The Tax Justice Network, The Independent Commission for the Reform of International Corporate Taxation, and the Global Alliance for Tax Justice call on the UN Secretary General to make sure the commitment to action on tax abuses by multinational companies remains part of the new UN Sustainable Development Goals.
In our June 2017 Taxcast we ask – has the UK just had its first tax justice general election? Why was economic debate around the election so ill-informed? Are we seeing a popular shift towards tax justice in the UK and in the USA? Is this the beginning of the end of our long austerity winter? How much do people REALLY care about taxes, who pays them and who doesn’t?
Featuring: Vanessa Williamson, Governance Studies Fellow at the Brookings Institution and author of Read My Lips: Why Americans Are Proud to Pay Taxes, John Christensen of the Tax Justice Network, Will Snell of Tax Justice UK and with brief appearances by President Donald Trump and Hillary Clinton. Produced and presented by the the Tax Justice Network’s Naomi Fowler.
Nigeria to Vietnam – global week of action snapshot, in #TaxJustice for #Public Services campaign Global Alliance for Tax Justice
Zimbabwe: Communities empowered to drive the tax justice campaign Mukasiri Sibanda’s Blog
Tax evasion and dirty money are draining Africa Mail & Guardian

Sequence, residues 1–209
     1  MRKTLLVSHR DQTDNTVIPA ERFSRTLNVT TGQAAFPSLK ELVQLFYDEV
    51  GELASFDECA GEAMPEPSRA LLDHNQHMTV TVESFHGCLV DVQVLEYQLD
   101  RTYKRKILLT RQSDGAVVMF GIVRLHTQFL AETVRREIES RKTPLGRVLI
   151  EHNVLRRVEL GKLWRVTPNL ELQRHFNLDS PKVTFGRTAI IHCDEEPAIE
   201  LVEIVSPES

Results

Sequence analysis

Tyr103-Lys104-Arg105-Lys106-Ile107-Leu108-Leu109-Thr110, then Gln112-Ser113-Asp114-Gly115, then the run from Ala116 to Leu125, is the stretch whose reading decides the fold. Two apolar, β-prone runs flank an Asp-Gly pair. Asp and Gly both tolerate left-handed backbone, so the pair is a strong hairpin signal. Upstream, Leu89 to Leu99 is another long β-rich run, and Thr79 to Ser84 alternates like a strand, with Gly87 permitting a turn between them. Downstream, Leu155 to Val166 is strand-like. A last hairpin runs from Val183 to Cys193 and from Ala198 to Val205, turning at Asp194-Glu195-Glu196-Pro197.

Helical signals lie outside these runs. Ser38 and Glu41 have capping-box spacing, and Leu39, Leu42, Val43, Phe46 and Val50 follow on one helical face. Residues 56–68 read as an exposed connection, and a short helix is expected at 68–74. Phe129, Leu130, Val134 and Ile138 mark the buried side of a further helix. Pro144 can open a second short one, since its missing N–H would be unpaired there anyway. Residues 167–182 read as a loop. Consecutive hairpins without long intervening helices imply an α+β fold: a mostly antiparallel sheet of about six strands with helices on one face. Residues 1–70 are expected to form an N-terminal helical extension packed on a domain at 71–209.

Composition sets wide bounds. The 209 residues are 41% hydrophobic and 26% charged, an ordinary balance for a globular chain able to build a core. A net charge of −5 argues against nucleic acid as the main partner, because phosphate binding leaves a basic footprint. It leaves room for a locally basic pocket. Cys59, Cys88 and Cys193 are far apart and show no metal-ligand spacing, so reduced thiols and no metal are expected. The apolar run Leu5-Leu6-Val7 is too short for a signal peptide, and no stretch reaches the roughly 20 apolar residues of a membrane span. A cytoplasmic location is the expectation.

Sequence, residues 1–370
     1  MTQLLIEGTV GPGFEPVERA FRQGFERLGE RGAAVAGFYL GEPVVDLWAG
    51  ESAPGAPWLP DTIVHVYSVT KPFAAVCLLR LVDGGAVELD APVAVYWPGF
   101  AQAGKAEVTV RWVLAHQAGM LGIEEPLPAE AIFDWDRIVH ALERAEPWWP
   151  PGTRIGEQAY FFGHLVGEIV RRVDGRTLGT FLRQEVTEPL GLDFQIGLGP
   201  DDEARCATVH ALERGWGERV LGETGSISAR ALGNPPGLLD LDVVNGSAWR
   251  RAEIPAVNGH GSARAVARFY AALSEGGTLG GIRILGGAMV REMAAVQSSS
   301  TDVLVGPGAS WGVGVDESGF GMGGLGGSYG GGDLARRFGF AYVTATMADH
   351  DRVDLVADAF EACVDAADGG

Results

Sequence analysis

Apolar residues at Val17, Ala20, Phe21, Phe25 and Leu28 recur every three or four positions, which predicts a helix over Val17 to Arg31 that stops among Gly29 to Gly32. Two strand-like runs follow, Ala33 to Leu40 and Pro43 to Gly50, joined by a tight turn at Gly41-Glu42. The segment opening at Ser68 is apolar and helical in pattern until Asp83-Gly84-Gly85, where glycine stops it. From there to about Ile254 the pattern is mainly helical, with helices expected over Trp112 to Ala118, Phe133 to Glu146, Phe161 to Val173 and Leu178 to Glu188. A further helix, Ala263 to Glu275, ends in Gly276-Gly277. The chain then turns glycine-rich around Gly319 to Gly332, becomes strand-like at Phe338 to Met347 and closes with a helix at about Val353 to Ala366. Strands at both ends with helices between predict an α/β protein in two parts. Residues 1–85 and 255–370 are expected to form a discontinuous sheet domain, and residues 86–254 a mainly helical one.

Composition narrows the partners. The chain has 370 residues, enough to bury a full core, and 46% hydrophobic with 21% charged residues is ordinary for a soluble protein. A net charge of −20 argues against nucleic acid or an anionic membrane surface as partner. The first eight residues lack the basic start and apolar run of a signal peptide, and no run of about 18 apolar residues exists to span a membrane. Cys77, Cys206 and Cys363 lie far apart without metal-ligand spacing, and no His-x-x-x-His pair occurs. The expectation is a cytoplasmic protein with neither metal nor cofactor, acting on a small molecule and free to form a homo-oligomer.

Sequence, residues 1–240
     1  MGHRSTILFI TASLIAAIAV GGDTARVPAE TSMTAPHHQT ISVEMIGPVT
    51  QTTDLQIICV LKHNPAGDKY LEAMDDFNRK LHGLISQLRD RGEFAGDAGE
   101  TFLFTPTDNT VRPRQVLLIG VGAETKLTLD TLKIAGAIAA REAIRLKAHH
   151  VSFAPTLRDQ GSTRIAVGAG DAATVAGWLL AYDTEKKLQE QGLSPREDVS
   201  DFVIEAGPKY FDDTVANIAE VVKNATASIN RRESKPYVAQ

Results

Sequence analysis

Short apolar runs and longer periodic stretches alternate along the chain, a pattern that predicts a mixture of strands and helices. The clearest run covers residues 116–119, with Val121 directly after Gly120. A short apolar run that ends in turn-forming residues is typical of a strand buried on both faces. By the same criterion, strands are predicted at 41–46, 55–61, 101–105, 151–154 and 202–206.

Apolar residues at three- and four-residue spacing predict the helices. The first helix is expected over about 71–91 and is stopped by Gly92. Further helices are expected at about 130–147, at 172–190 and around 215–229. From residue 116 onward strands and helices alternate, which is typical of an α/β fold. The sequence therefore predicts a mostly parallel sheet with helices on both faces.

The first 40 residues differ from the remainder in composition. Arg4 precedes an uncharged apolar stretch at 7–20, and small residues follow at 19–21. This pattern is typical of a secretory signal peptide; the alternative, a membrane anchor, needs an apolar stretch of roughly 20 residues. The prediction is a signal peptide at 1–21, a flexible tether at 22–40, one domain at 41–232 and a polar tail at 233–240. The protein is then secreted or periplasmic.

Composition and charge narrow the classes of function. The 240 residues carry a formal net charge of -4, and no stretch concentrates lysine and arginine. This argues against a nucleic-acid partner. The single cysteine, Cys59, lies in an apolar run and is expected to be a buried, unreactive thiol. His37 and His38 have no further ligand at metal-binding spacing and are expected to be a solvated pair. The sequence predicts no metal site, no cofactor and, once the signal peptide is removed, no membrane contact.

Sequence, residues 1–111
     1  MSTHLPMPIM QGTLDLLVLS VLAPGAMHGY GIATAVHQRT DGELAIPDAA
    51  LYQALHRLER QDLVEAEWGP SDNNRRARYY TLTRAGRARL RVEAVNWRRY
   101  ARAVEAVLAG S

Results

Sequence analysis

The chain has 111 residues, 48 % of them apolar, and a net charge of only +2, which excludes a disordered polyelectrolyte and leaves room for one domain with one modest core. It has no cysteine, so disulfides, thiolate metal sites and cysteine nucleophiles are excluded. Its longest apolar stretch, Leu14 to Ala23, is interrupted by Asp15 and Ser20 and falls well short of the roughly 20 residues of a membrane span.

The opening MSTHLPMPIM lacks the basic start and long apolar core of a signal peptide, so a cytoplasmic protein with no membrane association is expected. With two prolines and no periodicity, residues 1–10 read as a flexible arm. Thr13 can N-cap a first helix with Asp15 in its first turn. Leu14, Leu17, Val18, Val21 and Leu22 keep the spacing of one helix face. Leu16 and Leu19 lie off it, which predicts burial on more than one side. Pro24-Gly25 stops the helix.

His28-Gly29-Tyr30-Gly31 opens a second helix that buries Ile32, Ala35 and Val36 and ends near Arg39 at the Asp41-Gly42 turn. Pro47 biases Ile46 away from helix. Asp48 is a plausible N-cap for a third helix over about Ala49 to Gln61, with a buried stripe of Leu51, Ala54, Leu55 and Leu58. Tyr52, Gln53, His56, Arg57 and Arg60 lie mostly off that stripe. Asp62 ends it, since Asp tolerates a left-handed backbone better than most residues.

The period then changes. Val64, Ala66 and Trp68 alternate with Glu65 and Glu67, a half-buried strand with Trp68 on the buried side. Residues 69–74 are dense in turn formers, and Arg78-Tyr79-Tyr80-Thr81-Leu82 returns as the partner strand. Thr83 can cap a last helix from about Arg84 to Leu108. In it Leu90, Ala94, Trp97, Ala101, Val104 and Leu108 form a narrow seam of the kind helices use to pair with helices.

Operation Car Wash: An 11-Country Project on Cross-Border Corruption Global Investigative Journalism Network
#TaxJustice for #Public Services campaign takes off Global Alliance for Tax Justice
See also: videos from PSI Tax and Workers and The Dodgy Tax-Haven Sandwich
Can India gain from Swiss bank black money information? Very little The Economic Times
The super-rich are different: they pay less tax The Economist
‘The Swiss leaks and Panama papers open a window on the tax-dodger’s world’
An extraordinary report by consultants Capital Economics, for BVI Finance, claims that the British Virgin Islands are responsible for $1.5 trillion of assets invested around the world, and that these result in 2.2 million jobs and $15 billion in tax revenue. A better approximation would be that the BVI imposes global tax losses of $37.5 billion every year.